I recently returned from a 10-day trip to the Philippines where I had the opportunity to visit a number of USAID-assisted projects in Mindanao. The second largest island in the Philippines, Mindanao is graced with stunning natural beauty—towering mountains and verdant plateaus—but is also the location of a protracted conflict that has held back the region’s development. As a result, Mindanao is a central focus of our peace, stability, and economic growth programs in the Philippines.
Along with USAID/Philippines Mission Director Gloria Steele, Asia Bureau economist Dany Khy, and the outstanding technical staff of USAID/Philippines, I visited Cagayan de Oro in Mindanao to gain a better understanding of our programs’ history, successes, and challenges—and to explore new opportunities for accelerating broad-based economic growth. We viewed a variety of projects that are supported by USAID, including the Misamis Oriental State College of Agriculture and Technology, the Northern Mindanao Vegetable Producers Association, the Opol Emergency Clinic and Birthing Home, and a branch of the First Valley Bank that participates in USAID’s Microenterprise Access to Banking Services Program.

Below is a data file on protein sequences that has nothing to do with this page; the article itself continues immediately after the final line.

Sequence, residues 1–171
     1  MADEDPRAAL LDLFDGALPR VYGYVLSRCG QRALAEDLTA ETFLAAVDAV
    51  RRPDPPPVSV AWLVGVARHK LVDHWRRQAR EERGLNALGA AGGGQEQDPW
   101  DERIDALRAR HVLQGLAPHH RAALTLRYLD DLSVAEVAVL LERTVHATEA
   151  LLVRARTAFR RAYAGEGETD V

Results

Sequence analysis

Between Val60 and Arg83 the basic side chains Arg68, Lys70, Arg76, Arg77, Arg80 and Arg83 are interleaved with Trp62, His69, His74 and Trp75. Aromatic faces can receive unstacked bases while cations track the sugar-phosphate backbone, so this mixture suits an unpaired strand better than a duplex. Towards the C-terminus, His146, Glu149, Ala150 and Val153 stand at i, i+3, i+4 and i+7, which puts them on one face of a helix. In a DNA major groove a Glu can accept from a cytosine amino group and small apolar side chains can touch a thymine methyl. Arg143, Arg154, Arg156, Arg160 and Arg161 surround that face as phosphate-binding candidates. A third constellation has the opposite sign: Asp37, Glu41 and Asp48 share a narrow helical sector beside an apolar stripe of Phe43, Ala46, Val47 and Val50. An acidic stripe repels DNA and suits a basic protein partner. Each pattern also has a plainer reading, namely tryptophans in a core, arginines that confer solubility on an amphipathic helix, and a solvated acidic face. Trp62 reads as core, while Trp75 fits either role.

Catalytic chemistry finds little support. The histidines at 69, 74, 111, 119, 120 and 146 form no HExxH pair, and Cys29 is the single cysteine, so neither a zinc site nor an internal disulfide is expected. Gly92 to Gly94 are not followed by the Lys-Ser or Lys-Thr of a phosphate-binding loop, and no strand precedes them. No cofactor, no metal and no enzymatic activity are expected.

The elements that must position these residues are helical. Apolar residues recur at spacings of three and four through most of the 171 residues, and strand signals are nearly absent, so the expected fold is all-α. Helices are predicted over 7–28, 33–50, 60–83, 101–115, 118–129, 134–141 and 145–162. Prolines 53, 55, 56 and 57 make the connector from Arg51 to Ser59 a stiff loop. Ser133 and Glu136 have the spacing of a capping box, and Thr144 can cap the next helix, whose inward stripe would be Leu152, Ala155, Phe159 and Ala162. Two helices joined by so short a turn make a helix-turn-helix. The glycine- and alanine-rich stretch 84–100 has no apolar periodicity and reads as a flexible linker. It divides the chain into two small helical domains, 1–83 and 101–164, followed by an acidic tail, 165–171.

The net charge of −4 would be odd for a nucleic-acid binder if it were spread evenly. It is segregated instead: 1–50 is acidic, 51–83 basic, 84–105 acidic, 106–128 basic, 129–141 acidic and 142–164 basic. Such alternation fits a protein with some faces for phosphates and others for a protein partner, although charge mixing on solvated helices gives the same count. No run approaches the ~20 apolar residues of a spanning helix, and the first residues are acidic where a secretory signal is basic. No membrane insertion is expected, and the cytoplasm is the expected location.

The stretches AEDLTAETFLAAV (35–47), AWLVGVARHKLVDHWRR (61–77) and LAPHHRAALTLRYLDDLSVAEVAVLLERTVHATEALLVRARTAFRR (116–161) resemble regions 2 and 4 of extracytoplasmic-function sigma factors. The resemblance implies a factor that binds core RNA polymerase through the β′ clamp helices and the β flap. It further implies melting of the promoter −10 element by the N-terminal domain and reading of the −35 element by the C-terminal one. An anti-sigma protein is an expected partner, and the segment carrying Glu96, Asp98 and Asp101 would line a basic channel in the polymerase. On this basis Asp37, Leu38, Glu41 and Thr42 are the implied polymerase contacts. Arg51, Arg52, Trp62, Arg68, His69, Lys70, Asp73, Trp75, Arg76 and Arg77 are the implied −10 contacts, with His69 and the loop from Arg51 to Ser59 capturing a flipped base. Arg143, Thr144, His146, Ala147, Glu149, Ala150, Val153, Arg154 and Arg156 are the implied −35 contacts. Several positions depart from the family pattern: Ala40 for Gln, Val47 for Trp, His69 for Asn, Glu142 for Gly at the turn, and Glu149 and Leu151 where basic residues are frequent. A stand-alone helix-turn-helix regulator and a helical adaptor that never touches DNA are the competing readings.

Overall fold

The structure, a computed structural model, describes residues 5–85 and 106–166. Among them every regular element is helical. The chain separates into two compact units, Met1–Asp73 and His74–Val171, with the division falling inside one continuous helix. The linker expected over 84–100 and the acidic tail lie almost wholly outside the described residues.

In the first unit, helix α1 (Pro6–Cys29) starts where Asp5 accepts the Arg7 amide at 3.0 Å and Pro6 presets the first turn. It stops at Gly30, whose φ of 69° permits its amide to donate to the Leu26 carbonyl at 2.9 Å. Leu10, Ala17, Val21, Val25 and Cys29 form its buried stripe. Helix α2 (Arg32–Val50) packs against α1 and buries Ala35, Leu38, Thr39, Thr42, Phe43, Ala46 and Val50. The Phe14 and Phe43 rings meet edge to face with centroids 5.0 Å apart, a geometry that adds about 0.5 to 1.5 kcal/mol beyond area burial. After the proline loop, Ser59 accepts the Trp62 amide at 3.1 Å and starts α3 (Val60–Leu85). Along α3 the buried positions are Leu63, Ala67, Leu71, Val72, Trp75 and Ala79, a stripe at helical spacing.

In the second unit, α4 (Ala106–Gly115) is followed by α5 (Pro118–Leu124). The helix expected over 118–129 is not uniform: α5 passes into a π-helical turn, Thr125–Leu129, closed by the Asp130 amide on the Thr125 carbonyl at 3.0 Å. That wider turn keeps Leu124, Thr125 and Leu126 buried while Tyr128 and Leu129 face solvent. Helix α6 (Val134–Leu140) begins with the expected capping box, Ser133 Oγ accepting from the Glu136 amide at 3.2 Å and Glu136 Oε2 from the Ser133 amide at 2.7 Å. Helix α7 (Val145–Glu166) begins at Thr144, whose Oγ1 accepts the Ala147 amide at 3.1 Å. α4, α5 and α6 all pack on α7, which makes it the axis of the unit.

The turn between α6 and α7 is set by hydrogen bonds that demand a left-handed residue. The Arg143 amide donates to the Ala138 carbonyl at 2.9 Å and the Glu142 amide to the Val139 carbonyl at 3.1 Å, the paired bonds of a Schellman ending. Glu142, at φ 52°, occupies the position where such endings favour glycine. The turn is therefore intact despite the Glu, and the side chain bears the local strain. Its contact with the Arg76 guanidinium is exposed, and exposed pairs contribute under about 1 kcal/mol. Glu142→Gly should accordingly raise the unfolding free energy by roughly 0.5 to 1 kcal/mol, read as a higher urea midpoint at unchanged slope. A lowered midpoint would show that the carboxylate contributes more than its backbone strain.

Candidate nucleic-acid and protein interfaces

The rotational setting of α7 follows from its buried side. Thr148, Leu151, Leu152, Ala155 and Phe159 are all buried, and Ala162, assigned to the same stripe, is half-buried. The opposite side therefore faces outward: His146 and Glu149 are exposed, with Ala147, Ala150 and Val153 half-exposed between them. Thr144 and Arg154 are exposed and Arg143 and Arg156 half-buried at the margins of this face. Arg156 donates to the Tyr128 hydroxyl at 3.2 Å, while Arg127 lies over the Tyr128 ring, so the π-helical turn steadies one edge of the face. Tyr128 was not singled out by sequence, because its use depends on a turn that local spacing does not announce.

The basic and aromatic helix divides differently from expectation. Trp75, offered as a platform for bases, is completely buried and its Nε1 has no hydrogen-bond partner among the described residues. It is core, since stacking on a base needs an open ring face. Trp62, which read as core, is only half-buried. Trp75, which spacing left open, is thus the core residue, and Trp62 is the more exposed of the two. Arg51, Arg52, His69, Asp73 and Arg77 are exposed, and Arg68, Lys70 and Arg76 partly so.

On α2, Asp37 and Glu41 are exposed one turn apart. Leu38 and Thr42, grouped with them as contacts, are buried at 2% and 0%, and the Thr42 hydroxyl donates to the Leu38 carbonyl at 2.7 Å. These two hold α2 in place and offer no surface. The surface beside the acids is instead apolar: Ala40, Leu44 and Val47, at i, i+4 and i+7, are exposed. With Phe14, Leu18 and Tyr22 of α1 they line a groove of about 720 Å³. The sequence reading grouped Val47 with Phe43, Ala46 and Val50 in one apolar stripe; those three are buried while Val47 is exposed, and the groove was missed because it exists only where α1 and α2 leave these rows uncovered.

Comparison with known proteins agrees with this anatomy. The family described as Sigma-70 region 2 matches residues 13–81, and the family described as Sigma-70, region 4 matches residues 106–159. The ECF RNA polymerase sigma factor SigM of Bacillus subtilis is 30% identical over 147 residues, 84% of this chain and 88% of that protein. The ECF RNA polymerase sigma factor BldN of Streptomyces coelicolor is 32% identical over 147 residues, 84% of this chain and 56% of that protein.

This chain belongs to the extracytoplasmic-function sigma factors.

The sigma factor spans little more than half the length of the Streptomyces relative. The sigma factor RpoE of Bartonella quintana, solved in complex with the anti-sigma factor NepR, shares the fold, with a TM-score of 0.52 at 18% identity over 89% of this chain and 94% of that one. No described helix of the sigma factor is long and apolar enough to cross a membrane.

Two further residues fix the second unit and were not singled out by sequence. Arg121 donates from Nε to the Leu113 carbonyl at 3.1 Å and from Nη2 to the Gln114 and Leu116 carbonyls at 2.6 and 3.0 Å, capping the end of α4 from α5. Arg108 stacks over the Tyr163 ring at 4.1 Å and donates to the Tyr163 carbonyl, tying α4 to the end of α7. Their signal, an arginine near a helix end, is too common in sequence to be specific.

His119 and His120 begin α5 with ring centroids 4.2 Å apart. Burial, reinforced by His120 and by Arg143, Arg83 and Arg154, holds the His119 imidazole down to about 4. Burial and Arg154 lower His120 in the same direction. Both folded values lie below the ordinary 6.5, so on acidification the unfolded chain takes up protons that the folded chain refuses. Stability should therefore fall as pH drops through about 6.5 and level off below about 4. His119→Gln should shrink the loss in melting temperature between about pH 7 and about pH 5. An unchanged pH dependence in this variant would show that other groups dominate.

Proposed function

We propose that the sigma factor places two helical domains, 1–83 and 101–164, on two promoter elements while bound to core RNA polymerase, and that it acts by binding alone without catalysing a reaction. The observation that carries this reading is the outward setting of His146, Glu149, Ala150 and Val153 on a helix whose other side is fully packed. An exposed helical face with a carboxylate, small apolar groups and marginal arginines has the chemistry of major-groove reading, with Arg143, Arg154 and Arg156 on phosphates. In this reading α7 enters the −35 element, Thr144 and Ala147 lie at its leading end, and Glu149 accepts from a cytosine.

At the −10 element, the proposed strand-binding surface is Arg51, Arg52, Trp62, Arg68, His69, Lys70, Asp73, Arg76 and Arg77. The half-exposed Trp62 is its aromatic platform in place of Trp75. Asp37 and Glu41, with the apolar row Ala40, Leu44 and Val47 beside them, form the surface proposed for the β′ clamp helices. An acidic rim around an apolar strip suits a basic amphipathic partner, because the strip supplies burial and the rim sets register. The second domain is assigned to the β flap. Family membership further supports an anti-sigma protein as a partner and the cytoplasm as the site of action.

During my time on the island I also had the unique opportunity to meet with a number of local government representatives, civil society groups, and private sector officials at an event that was organized by the Cagayan de Oro Chamber of Commerce. We engaged in a dynamic and fruitful debate about the key constraints to economic growth in Mindanao and brainstormed on strategies to unlock the primary choke points. I was deeply impressed by the visionary leadership of the local government and the strong working relationship they had established with so many different components of the community. I was fortunate to have Secretary Luwalhati Antonino, the Chairperson of the Mindanao Development Authority, accompany me throughout the visit, and gained the benefit of her insights and plans to accelerate economic growth in close coordination with USAID.
I left the island with a clearer vision of the many opportunities ahead for USAID and the people of Philippines to build peace, promote good governance, increase economic opportunities, protect the environment, strengthen health services, and improve basic education. I also look forward to returning soon to work with the incredibly skilled and committed staff of USAID/Philippines and our partners.